Rugby – How to Go Pro

Some people train all their lives. Others wake up one day, after a good game on TV, or maybe something just clicks while they’re on their phone reading online reviews, which makes them get an idea that they could go pro. But what does it take?

If you are tough, if you are a quick healer, and if you are an athlete through and through, you may have thought about becoming a professional rugby player. Rugby is one of those sports that doesn’t let you claim injury when you’ve only got a scratch. The road to the top is tough and we are here to help you along the way.

Getting Started

Generally, as is the case with most sports, what you need to do is start early. However, unlike football, basketball, baseball, and some other sports, you don’t need any academic achievement to play rugby professionally. As long as you keep your head above the water, you can do it. 

This isn’t to say that you can’t join a club in middle school, high-school, or college. They are there and are perfectly valid. In fact, it may be even better for you to develop contacts and start training early. We’re only saying that it is not required.

Now, one way to get started is to join an academy that belongs to a club. This is the main way clubs recruit people. If you follow their advice, train, and overall work hard, you may find yourself on their team. Remember that these people are looking for talent, discipline, and dedication.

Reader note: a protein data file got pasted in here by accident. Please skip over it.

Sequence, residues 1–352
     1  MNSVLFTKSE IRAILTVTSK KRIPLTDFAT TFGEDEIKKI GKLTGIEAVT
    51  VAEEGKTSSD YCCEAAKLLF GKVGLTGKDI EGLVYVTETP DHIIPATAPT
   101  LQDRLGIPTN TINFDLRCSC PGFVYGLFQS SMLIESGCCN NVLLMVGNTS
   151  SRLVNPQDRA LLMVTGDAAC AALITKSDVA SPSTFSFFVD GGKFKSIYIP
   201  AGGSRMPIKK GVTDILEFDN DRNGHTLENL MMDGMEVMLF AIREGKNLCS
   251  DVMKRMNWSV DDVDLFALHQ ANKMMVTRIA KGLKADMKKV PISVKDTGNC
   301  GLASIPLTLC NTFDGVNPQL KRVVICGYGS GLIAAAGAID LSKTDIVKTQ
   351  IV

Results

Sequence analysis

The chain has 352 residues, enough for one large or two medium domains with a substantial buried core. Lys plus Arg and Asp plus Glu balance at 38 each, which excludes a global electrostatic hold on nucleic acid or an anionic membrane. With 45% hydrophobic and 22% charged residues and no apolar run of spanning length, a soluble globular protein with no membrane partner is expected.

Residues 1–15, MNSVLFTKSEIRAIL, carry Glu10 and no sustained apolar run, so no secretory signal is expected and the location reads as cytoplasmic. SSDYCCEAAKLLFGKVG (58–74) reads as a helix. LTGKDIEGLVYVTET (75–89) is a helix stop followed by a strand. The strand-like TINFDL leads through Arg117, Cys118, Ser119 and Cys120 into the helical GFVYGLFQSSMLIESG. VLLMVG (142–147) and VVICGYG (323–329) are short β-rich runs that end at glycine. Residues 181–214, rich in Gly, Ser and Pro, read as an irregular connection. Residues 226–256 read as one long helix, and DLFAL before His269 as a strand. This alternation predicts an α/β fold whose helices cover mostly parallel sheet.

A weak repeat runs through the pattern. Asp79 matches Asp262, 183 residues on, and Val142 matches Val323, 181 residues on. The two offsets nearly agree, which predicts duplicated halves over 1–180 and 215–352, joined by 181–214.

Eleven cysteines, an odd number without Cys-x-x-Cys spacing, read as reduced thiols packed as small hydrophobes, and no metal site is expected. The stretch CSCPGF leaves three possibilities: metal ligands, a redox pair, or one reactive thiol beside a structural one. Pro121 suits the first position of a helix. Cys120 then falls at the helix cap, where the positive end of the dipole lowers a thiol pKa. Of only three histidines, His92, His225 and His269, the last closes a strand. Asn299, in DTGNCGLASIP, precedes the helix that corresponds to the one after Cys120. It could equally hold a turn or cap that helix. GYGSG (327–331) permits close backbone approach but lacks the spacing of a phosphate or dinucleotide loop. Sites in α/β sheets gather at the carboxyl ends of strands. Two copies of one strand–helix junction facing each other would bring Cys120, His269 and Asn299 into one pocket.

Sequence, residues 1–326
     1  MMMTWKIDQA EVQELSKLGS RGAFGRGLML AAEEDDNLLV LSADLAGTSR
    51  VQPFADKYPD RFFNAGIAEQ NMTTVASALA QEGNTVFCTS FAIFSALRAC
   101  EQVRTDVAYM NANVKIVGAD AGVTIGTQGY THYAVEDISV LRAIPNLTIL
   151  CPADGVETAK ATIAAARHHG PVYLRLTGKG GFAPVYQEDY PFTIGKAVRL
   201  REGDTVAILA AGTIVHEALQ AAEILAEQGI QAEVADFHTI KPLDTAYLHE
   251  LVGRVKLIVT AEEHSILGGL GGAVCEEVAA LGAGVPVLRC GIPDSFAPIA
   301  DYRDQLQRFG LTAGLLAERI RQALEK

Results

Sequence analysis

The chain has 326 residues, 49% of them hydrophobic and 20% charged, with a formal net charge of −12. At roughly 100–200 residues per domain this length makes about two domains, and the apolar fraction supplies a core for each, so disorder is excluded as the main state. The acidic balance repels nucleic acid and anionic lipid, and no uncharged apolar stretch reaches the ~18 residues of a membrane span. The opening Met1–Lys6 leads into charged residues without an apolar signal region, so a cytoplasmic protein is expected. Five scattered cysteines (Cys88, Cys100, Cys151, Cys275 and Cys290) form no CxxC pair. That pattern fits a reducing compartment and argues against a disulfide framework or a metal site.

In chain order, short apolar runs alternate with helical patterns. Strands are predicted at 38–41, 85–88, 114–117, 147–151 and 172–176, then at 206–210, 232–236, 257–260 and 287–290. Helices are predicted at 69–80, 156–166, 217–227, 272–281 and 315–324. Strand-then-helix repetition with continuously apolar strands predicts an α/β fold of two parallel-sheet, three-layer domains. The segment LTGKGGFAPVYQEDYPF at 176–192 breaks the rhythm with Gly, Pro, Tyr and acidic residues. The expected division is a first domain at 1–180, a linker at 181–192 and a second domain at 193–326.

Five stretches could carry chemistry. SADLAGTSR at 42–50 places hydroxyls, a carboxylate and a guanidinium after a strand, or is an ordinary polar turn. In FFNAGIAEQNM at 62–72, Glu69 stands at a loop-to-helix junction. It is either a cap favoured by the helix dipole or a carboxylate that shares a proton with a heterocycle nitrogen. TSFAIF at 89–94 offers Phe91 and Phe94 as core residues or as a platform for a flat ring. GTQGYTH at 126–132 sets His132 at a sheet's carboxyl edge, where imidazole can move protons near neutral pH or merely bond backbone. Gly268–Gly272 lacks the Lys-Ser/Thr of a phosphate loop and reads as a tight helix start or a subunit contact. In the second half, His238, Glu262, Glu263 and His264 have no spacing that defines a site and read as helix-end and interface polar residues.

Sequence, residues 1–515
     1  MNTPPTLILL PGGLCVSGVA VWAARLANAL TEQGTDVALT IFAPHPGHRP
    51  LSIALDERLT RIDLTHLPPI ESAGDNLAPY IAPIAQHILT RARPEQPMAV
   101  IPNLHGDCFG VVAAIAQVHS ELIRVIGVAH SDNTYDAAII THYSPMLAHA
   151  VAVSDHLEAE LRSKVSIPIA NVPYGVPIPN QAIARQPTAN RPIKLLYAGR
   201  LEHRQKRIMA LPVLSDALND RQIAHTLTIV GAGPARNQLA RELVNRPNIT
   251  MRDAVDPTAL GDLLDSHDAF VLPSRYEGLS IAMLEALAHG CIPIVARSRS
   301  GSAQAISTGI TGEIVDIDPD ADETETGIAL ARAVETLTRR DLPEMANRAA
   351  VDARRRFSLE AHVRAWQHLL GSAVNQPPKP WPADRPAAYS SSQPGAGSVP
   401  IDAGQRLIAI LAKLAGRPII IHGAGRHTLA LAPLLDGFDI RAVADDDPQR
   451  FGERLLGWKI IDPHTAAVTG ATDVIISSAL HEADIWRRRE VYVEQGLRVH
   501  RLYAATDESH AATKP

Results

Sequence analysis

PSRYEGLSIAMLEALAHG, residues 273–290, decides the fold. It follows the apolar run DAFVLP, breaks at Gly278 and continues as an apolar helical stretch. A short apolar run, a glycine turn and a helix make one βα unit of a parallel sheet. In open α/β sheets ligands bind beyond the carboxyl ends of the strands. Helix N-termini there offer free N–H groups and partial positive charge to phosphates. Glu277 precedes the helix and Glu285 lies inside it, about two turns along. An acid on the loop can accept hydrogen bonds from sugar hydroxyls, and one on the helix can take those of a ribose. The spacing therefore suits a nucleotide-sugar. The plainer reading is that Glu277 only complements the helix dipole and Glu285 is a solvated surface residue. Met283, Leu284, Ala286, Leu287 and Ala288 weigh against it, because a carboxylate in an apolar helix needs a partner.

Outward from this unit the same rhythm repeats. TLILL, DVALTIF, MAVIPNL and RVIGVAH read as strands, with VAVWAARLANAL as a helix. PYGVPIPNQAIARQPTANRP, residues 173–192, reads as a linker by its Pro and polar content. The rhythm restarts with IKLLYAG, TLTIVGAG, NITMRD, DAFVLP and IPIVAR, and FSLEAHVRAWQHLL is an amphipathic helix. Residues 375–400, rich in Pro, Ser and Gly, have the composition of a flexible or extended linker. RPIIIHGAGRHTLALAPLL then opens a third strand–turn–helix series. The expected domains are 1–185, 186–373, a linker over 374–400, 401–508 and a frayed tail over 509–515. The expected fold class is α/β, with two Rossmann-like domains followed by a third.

Training in rugby is not the same as training in general fitness. It is not something that is easily done from the comfort of your home. You need space, tackle dummies, scrum machines, and so much more. Until you get your foot through the door, you may want to look into some DIY training equipment.

While we are talking about training, fitness freaks will tell you that what you eat is just as important as how you train. And they’re right. No junk food, no simple sugars – make sure you get plenty of protein, but don’t forget the carbs for energy.


There is no such thing as a ‘universal’ rugby player. The Hooker, the Fly-half, and the Left Wing are all different. Forwards have to be big and strong, locks are the tallest players on the team, wings have to be fast, and the backs have to be good at catching the ball and stopping the offense. It is of utmost importance you determine the best position for yourself.


You should have realistic expectations as a professional athlete. Rugby is still a growing sport in the US. There are a few countries that treat it with the respect it deserves, like New Zealand. The point is that you are likely not going to be in the public spotlight as an NBA or football player.

Furthermore, playing for a college or academic club is not as profitable as being a full-fledged pro. Some time needs to pass before you prove your worth as an asset. After that, it gets a bit easier. However, salaries are nothing to write home about. If you’re in it for the money, consider Europe and a few other countries. In the US, it all comes down to the love of the sport.